March 10, 2014

THE SKED Season Finale Review: “True Detective”


Since the TV cop show has come of age–a process that began back in the days of Hill Street Blues and NYPD Blue, but has accelerated greatly in recent years–there have been repeated attempts to push the limits of the genre, to tell more novelistic stories that are as much about character and setting and theme as about whodunit, with recent efforts that include The Killing, The Bridge, Top of the Lake and Broadchurch.  These kinds of shows won’t ever be to every viewer’s taste, because almost by definition they’re slower-paced and more atmospheric (some would also say more pretentious) than ordinary cop shows, but the first season of TRUE DETECTIVE, which concluded on HBO tonight, has probably been the most successful of these serious-minded thrillers.

True Detective benefited, of course, from having HBO in its corner, the original pioneer of auteurist television, and also from the very unusual consistency of having series creator Nic Pizzolatto write, and Cary Joji Fukunaga direct, every one of its 8 episodes.  (Even Aaron Sorkin pretends to have a writing staff.)  What really clicked for Detective, though, was its anthology structure.  The fact that this storyline and these characters were one-and-done didn’t only mean that anything could happen in the course of its story, because no one had to be around for Season 2 (which hasn’t yet been ordered, but which is all but a certainty once an A-level cast has been signed up), but it allowed Pizzolatto to roam through time in a way that an ordinary series can’t.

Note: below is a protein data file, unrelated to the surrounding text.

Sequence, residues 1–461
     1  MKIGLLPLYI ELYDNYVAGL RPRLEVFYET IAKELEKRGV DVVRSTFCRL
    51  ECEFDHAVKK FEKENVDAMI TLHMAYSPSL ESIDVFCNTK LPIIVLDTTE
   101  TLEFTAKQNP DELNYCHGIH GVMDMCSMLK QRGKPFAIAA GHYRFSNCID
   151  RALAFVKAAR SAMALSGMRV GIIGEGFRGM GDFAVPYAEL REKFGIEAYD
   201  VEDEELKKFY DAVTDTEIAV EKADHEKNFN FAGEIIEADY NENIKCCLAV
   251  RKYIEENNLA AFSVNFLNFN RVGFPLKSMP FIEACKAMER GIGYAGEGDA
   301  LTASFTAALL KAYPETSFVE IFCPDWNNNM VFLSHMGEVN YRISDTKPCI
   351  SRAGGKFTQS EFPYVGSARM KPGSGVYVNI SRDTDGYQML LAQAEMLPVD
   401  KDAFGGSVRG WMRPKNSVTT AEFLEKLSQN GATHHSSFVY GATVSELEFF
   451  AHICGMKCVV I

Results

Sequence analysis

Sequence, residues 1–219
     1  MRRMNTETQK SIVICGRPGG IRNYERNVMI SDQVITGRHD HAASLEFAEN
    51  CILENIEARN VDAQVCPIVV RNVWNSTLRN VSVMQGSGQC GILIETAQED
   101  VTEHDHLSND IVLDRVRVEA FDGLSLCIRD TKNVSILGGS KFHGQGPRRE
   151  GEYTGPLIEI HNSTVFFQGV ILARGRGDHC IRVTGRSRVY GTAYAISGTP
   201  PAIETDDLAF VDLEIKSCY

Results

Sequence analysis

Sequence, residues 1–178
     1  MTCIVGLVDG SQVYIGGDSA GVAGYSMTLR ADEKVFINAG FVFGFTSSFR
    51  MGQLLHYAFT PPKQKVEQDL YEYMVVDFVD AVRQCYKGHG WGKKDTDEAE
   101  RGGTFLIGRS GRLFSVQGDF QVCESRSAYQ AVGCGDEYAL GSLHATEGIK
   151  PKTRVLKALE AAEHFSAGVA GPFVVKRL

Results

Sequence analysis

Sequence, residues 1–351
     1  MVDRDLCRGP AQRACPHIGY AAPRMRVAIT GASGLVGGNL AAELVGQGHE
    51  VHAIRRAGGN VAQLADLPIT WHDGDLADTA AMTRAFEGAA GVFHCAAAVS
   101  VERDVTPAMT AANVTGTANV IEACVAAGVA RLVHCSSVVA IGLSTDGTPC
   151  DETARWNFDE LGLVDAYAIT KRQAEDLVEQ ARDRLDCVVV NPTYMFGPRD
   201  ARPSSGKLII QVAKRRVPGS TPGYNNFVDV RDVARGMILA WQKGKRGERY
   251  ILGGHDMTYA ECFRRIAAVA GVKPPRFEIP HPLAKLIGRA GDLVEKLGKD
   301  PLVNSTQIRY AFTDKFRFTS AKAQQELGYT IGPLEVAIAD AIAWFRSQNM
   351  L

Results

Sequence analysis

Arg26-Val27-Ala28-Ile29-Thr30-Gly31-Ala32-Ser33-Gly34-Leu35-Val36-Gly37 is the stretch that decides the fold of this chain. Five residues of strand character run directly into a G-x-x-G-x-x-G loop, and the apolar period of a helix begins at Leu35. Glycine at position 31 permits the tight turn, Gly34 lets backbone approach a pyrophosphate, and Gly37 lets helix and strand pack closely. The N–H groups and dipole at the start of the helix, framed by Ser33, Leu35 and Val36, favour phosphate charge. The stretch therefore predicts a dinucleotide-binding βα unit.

True Detective took place over a period of 17 years, and not in a strictly linear way; until the last few hours, each episode existed both in the present day, as ex-detectives Rust Cohle (Matthew McConaughey) and Marty Hart (Woody Harrelson), no longer part of the Louisiana State Police, were interrogated by current officers, and in the past of their original investigations–which didn’t always coincide with the account they were giving the modern cops.  The passage of time was part of the show’s story and theme, as it explored the way trauma, failure and experience create reverberations throughout a lifetime, and the possibilities of change with age.

All of this paid off in the season finale, which both followed and confounded genre expectations, as well as the expectations of viewers.  Early in the series, there had been some feeling that Pizzolatto was just using the conventions of a serial killer storyline as an excuse for philosophical ruminations, with no real interest in the satisfactions of the genre, but the final hour of True Detective brought back memories of such classics as David Fincher’s Se7en, as Rust and Marty finally tracked down their Yellow King, housepainter, handyman and groundskeeper (and unacknowledged child of the local elite) Errol Childress (Glenn Fleshler), and stalked him from the wrecked family estate where he lived with his apparent half-sister (Ann Dowd, unrecognizable from Masters of Sex) through the obsessively maintained setting of his crimes, an obstacle course of his gnarled tree sculptures.  (A moment for kudos to cinematographer Adam Arkapaw, who avoided the cliche of killing fields photographed in near-darkness and provided a well-lit hell for Errol’s playground.)  The final confrontation between Rust, Marty and Errol was as grand guignol as one could have wanted, with knives buried in bellies, an axe to the chest, and a head blown off.